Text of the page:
My goal is to install Ubuntu 12.04 LTS using two 1T disks with mixed LVM over RAID. I am running the installation using the mini ISO (bad quality CDs had read error when I tried to use server ISO, so figured out better to rely on the network to give me the software).
The installation program, using the top menu entry
Partition disks gives quite nice and intuitive menu based approach to configure RAID and LVM on top of it (using the manual configuration option); I verified that it also saved the changes to the disks and I seem to have the LVM logical volumes created like I wanted as well. However, I do not see how to tell the installation program how I want to use the created LVM groups and RAID device mapper files to house my file systems. When I try to finish the "Partition disks" phase, the installation program complains:
No root file system is defined. Please correct this from the partitioning menu. <Continue>
If I go back to the main menu, and try to continue with installing the base system, I am (naturally enough) told to first complete the "Partition disks" phase.
Question: How can I specify my mount points so that the installation can continue? Should and could I do it manually from shell in another virtual console? Specifically is the installation program using the mount points to figure out if the partitioning is finished? And concern is also, when is the /etc/fstab created for the new installed system? (I would prefer strongly to avoid creating yet another installation CD and losing my setup so far.)
FYI: My set-up
/booton a RAID-1 device (
/varto be mounted on LVM logical volume in LVM volume group created to incorporate (at the moment) a single RAID-1 device (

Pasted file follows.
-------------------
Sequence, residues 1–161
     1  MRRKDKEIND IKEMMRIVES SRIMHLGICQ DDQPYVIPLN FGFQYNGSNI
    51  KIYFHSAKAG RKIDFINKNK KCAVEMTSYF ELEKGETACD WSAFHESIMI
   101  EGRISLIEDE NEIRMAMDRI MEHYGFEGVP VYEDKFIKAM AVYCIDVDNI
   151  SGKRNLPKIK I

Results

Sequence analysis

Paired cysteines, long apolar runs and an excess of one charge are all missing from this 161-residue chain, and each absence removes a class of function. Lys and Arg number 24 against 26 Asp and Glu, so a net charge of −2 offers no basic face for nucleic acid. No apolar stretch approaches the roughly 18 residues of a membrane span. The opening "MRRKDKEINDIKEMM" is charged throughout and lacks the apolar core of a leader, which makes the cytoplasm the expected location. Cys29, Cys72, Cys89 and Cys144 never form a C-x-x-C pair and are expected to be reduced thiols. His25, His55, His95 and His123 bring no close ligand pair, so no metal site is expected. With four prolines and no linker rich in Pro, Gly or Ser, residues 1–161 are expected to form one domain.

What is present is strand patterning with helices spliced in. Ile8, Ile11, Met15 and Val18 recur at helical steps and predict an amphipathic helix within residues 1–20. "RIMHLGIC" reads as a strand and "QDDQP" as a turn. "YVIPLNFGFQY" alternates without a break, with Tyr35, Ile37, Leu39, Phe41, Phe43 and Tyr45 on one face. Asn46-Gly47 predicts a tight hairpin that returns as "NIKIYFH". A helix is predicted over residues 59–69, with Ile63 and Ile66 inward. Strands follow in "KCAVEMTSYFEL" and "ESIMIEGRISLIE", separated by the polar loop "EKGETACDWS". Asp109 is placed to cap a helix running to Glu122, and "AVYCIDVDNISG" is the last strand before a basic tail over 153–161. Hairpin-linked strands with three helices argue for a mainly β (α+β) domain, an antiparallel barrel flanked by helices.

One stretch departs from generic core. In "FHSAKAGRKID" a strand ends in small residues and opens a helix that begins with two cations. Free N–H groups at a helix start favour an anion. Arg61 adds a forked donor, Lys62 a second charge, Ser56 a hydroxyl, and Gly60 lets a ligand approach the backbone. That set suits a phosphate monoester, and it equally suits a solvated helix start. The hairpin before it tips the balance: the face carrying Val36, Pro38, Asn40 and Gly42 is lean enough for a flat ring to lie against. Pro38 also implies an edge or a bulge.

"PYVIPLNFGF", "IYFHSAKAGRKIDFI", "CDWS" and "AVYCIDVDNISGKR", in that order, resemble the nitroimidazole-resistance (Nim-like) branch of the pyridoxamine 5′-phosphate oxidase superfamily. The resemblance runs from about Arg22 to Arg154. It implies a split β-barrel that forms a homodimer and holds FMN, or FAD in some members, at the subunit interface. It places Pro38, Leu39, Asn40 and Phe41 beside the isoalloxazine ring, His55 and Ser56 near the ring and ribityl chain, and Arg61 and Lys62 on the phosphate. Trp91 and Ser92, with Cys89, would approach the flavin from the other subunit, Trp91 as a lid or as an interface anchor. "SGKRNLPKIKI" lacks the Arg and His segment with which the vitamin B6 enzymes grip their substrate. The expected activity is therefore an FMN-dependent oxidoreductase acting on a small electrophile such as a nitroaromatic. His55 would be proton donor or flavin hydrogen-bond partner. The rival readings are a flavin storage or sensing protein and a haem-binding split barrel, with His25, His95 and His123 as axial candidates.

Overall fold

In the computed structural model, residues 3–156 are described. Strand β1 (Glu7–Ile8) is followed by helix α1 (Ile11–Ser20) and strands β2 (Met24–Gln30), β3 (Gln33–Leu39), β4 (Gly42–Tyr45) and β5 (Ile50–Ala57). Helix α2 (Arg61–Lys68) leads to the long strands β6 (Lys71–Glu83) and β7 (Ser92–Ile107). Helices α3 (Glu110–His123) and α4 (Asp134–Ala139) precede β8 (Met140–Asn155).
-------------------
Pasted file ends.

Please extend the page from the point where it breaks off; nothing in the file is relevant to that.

/tmpand another partition in LVM logical volums in another LVM volume group on top of RAID-0 device (
(My motivation to use LVM is to give some added flexibility in arranging the space in the partitions. This is the first installation using combined LVM/RAID so not sure if this is the most intelligent way of doing this.)
I created the file systems by hand on all the devices from shell, mounted them under
/target but still the Ubuntu installer did not agree to proceed to installing base system. I have no idea how to convince the installer to assume the step is adequately accomplished.
Then I proceeded to use
debootstrap to install the initial system, and continued manually tweaking the system using
chroot (repeating the steps that I had already specified during the installation steps and producing a lot of errors during installation of additional packages using
aptitude due to
chroot missing functionality required for configuration of several packages). It was funny that somehow the "Install base system" menu entry kind of started to work (effortlessly fixing the configuration errors) even if it complained about missing partitioning step. I got the rest done using the
chroot environment (configuration of
grub worked after the "Install base system" menu entry fixed the configuration problems of various packages). Booting to my new system was successful to my great relief.
It seems to me (but have no time and interest to research) that the
mini.iso installation program was perhaps buggy. The installation guide clearly says
After you set up MD devices to your liking, you can Finish
mdcfgto return back to the
partmanto create filesystems on your new MD devices and assign them the usual attributes like mountpoints.
And (after preparing the LVM volumes):
After you return to the main
partmanscreen, any created logical volumes will be displayed in the same way as ordinary partitions (and you should treat them as such).
This was true except that there was no way to create file system here.
If I am going to ever install 12.04 on a new machine using more complicated storage configurations, and desiring to specify exactly how I want to set-up the configuration I am going to try another CD image (alternative or server image) or just use a live bootable system (CD / USB) and
debootstrap without installing too many things into the half-functioning chroot before I have successfully booted into it.